Tuesday , May , 03 , 2011 Hoopsvibe

Zach Randolph on Kendrick Perkins: ‘He can’t stop me. He’s too slow’

Certainly not from Perkins. Informed what the Boston big man had said, the 6-9, 255-pound Randolph told FOXSports.com:

“Perk’s good, but all Perk can do is foul me. That’s the only thing he can do. The best thing about his defense on me is to foul me . . . He can’t (stop Randolph). He’s too slow. He’s a big body. He can foul. “I don’t think nobody in the league can stop me. Not only Perk. I tell Perk to his face. I already told him before.’’


HoopsVibe’s Very Quick Call: I love the Zach Randolph Renaissance.

Being from Vancouver, I had a front row seat for his self destruction as a member of the Portland Jail Blazers. There were strippers, shotguns, the infamous Hoop Posse, ATVs on farming property, run-ins with the law, and unfulfilled potential. 

I then covered his tenure with the New York Knicks for HoopsVibe. You remember it: Stephon Marbury preaching like a character from an Eddie Murphy flick that Z-Bo and Eddy Curry couldn’t be stopped.

Well, they got stopped. Like Murphy in ‘The Golden Child’, ‘Harlem Nights’, ‘Beverly Hills Cop 3‘, or even ‘Pluto Nash’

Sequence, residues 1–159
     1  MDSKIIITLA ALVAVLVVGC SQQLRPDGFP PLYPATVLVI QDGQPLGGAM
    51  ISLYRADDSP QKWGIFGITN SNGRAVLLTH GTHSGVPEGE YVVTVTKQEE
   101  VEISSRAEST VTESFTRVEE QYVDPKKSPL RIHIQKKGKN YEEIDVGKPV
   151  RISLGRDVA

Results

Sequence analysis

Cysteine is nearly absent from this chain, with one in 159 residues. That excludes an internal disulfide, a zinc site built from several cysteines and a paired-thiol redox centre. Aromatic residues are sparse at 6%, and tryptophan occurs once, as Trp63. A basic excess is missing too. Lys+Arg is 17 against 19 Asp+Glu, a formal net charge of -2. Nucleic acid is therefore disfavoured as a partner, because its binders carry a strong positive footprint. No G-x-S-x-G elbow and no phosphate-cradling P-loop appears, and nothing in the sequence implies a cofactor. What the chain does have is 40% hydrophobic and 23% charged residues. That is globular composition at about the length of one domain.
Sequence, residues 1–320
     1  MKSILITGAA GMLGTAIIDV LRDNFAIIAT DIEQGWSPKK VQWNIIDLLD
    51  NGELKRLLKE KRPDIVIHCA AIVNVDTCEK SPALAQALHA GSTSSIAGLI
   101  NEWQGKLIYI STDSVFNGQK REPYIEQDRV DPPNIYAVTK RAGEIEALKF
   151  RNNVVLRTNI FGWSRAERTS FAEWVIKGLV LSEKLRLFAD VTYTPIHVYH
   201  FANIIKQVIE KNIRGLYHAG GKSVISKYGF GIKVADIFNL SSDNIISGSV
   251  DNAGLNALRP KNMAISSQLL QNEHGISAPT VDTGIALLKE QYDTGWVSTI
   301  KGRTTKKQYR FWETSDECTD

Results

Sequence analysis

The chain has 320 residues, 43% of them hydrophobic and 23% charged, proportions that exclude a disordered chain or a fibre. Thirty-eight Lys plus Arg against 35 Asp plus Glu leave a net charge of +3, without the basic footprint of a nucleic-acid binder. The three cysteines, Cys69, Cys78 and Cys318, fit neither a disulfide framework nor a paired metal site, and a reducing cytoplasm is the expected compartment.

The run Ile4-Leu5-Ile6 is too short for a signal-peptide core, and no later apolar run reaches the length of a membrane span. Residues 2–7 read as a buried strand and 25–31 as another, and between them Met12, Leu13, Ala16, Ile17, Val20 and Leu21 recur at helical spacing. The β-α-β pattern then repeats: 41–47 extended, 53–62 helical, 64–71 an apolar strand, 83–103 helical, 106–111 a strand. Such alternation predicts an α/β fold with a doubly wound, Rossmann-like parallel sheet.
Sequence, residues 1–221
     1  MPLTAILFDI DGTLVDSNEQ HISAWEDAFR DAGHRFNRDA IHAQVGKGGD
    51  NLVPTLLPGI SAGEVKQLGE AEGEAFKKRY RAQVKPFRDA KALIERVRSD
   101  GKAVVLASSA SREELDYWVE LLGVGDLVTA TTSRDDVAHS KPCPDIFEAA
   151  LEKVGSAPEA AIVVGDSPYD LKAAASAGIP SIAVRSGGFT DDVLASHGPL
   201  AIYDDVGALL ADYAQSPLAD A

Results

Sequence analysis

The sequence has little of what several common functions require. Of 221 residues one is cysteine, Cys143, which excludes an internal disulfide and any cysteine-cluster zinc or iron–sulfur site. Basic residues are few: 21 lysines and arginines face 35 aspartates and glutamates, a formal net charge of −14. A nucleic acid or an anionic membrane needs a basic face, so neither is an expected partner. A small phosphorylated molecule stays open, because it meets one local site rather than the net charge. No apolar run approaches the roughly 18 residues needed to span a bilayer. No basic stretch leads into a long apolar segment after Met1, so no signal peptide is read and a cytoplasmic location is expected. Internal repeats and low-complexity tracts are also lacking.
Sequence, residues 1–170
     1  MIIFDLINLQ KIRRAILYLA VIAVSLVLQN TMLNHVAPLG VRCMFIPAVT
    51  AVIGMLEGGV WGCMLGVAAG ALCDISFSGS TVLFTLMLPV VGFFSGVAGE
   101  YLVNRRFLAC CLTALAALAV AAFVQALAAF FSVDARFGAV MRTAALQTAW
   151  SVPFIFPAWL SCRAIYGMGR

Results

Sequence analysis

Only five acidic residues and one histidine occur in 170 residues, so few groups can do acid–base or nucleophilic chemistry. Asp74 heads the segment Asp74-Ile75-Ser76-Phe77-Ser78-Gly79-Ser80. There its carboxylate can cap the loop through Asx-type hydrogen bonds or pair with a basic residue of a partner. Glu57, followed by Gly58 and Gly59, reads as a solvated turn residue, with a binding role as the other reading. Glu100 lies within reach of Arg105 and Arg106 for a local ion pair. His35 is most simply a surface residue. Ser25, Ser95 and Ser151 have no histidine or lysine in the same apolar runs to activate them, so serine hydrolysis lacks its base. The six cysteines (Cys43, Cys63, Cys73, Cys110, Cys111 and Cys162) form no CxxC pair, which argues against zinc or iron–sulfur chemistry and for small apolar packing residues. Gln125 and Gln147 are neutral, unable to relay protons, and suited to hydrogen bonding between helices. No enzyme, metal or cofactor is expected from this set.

Randolph survived to do a stint out west with the Los Angeles Clippers. A dysfunctional power forward stuck in purgatory with the league’s most dysfunctional team.

Through Randolph’s ups-and-downs, his skill level remained high. Then he got dealt to the Memphis Grizzlies, matured off-the-court, and rededicated himself to his craft.

So he deserves credit. He’s been through a lot and come out the other side.

But should he really be confirming Kevin Durant’s assertions that he’s the best power forward in the NBA? Should he be publicly boasting that the Oklahoma City Thunder’s Kendrick Perkins can’t hold him?    

This may be true. Right now, Randolph is the NBA’s top four-man, and also one of the premier players in the world. That’s right. Forget positions. His game stacks up against the elite, the league’s crème de la crème.

Is it wise, though?

As a team, the Thunder can defend. Perkins has a championship ring and playoff experience. And if he didn’t have motivation to adjust to Randolph, he does now.

Perhaps it would have been wiser to say nothing at all. After all, to take the next step as a player, to truly evolve, Randolph’s Grizzlies have to win more than a round.

This should be his motivation –and nothing else.

–Oly Sandor.

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